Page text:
# 6.2: Earthquake Magnitude

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In order to measure the size and intensity of earthquakes, we have devised several scales to measure them. The Richter Magnitude scale is one such scale which you have likely heard of.

**FIGURE notes arrival of P wave**

One issue with measuring earthquakes is that as the waves propagate, the energy is spread out over more area.

**FIGURE sphere distance**

As \(\frac{E}{Area}\downarrow\), the amplitude decreases with distance. So how do we get around this problem? We discovered that amplitude \(\propto\) the initial energy of the earthquake. Thus, we can measure earthquake size/magnitude. Charles Richter took this principle and devised a magnitude scale to relate amplitude of seismic waves to 'size' of the event. This scale takes into account distance from the source and instrument response. The Richter scale is based off of using a particular seismometer, the Wood-Anderson seismometer. The scale was developed to work best only in Southern California, and can not accurately measure earthquakes above a 6.8. To get an idea of how the Richter scale measures earthquakes, look at the figure below.

**FIGURE measuring richter magnitude**

First, we measure the amplitude. Then, we also know that the difference in arrival times between the P and S waves is proportional to the distance, ie t_{s}-t_{p} \(\propto\) distance. So we next measure the t_{s}-t_{p} \(\propto\) distance. Then, draw a line between the amplitude and the distance. The line will cross a point on the Richter magnitude scale and give the approximate earthquake size. The actual equation for determining Richter magnitude is:

\[M_L=log_{10}A-log_{10}A_0(\delta)=log_{10}[\frac{A}{A_0(\delta)}]\]

where A is the maximum excursion of the Wood–Anderson seismograph and A_{0} depends on the distance of the station from the epicenter (\(\delta\)).

Note- Logarithm Review

Logarithms are useful for looking at really large data sets (like earthquakes). In case its been a while since you last dealt with logarithms, here is a quick review.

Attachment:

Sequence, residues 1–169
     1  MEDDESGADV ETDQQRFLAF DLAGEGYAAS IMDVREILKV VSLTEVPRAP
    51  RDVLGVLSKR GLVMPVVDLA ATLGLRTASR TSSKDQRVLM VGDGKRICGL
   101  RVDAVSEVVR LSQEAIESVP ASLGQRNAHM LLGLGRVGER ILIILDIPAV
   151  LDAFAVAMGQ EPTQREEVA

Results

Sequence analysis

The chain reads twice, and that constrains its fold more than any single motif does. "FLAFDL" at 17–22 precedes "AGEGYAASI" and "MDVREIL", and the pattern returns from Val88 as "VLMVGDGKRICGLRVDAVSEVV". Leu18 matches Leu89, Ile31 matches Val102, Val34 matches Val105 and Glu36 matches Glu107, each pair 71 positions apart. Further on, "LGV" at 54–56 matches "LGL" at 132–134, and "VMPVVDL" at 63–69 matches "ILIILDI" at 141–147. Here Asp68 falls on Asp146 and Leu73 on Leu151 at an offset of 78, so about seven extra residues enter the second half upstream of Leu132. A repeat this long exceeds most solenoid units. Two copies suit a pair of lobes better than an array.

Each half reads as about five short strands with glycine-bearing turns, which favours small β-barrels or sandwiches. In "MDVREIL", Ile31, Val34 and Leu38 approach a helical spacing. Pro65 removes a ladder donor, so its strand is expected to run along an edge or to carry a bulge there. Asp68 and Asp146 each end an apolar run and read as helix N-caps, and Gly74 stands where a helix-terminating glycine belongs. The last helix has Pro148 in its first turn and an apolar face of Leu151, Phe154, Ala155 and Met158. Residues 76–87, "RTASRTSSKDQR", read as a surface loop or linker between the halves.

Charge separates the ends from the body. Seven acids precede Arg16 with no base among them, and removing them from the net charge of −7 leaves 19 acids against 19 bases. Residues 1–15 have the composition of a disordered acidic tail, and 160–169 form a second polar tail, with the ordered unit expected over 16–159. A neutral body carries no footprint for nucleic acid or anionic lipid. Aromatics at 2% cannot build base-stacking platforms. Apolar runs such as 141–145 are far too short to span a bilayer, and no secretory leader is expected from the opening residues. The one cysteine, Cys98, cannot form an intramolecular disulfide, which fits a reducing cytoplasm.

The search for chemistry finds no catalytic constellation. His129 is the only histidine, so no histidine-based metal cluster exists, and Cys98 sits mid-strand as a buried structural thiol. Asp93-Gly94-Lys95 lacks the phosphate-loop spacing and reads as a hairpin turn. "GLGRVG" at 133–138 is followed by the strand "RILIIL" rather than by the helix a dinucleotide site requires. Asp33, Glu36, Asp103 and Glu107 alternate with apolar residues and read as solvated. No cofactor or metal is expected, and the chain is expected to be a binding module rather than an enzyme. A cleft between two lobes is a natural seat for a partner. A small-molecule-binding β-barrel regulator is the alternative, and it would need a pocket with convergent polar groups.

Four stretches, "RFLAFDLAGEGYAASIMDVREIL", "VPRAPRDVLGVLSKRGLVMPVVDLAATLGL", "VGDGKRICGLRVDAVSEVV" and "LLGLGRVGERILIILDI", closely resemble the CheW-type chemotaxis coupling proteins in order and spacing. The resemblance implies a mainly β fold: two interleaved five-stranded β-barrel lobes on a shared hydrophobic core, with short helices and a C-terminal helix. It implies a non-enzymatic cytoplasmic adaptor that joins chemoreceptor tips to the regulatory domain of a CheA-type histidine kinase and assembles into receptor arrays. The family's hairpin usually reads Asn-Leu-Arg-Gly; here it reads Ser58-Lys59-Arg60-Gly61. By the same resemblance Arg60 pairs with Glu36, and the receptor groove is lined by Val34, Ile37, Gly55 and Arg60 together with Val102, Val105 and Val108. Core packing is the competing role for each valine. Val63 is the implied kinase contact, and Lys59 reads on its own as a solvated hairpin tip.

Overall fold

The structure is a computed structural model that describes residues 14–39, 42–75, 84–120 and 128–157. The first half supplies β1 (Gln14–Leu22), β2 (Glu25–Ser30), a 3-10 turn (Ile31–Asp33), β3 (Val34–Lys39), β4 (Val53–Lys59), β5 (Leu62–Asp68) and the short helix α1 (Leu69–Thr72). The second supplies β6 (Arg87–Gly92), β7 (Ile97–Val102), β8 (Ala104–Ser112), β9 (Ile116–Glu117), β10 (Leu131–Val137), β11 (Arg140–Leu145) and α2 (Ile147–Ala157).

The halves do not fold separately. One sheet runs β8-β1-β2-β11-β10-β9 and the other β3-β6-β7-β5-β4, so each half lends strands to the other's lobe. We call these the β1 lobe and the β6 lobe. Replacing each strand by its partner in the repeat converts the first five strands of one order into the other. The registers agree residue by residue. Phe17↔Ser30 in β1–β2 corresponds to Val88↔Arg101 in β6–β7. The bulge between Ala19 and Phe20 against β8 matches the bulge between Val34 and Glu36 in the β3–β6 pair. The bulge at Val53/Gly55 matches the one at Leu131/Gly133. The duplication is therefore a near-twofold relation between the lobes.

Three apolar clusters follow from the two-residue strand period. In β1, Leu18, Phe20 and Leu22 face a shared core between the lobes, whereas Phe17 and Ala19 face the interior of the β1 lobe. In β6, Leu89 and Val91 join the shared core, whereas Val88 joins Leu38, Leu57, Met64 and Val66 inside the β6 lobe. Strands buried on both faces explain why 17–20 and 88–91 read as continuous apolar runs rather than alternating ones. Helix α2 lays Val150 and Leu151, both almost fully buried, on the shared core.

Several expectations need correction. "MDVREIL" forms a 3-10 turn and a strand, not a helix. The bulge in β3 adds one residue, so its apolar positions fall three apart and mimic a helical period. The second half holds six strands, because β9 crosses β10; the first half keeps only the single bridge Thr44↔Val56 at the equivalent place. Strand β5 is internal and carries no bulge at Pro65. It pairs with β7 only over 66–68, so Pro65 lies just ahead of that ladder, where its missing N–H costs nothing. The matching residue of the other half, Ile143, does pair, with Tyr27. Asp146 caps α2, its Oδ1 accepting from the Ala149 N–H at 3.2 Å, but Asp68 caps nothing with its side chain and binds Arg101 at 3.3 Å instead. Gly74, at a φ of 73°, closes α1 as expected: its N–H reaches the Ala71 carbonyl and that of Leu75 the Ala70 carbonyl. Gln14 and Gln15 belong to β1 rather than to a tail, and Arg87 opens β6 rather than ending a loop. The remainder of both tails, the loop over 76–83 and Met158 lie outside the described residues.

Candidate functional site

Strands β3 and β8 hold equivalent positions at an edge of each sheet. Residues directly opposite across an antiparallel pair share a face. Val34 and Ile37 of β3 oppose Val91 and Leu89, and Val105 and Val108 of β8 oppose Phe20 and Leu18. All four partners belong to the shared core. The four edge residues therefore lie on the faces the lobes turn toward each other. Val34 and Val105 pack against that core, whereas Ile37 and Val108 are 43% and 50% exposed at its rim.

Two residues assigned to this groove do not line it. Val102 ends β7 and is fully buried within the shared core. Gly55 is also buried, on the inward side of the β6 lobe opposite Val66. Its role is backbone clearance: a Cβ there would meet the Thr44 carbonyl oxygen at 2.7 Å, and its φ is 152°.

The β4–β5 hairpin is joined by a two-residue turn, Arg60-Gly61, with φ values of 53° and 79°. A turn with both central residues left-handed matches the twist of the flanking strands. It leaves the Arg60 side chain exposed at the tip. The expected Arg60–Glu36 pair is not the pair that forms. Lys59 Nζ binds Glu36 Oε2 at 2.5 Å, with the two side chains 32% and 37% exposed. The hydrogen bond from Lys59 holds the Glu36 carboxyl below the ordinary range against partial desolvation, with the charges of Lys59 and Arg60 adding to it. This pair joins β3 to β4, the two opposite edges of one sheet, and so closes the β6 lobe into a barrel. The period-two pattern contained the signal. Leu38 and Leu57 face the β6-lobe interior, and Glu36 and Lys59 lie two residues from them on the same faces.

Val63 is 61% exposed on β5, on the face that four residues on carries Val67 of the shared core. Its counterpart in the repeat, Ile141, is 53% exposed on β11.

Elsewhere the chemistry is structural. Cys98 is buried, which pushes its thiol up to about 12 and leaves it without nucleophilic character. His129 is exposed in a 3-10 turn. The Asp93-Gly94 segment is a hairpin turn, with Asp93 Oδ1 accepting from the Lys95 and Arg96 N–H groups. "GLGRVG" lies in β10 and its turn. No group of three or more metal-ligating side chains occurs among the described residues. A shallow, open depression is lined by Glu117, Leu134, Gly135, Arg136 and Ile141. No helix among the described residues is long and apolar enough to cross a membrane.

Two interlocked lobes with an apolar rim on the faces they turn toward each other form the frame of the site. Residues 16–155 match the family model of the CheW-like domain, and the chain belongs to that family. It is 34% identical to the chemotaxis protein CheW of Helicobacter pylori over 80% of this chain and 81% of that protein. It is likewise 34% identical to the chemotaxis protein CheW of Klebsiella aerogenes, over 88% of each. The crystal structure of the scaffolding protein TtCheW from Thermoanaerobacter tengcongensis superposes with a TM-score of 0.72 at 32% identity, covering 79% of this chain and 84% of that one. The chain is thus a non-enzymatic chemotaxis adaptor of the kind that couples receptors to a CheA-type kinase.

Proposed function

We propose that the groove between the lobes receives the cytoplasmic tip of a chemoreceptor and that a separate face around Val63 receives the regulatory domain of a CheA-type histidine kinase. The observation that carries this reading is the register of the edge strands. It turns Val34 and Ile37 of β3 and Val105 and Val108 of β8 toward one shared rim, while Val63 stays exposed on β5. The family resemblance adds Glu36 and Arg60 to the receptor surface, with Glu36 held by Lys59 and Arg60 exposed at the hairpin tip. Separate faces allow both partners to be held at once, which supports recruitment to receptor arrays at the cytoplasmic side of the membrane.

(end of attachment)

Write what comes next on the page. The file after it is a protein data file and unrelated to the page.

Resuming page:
\[log_{10}y=x\]

The 10 is the base of the logarithm, and 'base 10' is the most common base for a logarithm. The above equation can also be written as

\[10^x=y\]

where x becomes the power of 10. Another example of rewriting logarithms:

\[log_{10}(100)=y\]

\[10^y=100\]

\[y=2\]

We could also go the other direction and solve with a calculator:

\[10^y=980\]

\[log_{10}(980)=y\]

\[y=2.99\]

The Richter scale both logarithmic and 'empirical'. Empirical means that it is chosen to fit a range of observation of both very small and very large earthquakes. The fact that the scale is logarithmic indicates that there is an order of magnitude difference between each number. A 0 magnitude would have a relative size (energy) of 10^{0}, a 5 would have 10^{5} energy, and an 8 would have 10^{8} energy. Thus you can see that an increase by even one order of magnitude, like from a 7 to 8, is a 32-fold increase in energy.

Another problem we have in measuring earthquakes is how to compare the physical size rupture area from the aftershocks and the surface rupture. The magnitude stopped increasing because big earthquakes put more energy into the surface. The waves stopped putting energy into S waves. We need to measure __all__ the energy. To solve this problem, we need to integrate and scale a typical amplitude vs time diagram, and convert it to area, or moment. Moment is literally torque.

\[\tau=F\cdot l\]

An earthquake can be thought of as two pairs of opposing torques. **FIGURE opposing torques**

For earthquakes, the physical moment can be written as

\[m_o=\mu A\cdot D\]

where \(\mu\) is the rock rigidity (usually ~ 30 GPa), \(A\) is the fault area that slipped, and \(D\) is the average slip. The famed seismologist Hiroo Kanamori took these principals to create a new magnitude scale, the Moment magnitude scale.

\[M_w=\frac{2}{3}(log(M_o)-10.7)\]

\(M_o\) integrates seismogram data and relates to physical size of the earthquake. Instead of solving for \(M_w\), we can also solve for \(M_o\).

\[M_o=10^{\frac{3}{2}M_w+10.7}\]

The M_{w} is what is most commonly reported however. The largest recorded earthquake in history (since 1900) is a M_{w} 9.5, which occurred in Chile in 1960. The earthquake lasted nearly 10 minutes.

Example Expected Magnitude

Here is an example to get you thinking about the concepts we have just discussed.

If I have a fault of A=100 km^{2} and D=5 m, where \(\mu\)=30 GPa, what is the expected magnitude?

Or given M_{w} and A from aftershocks, determine the amount of slip.

Try to answer these questions now and we will go over them in class.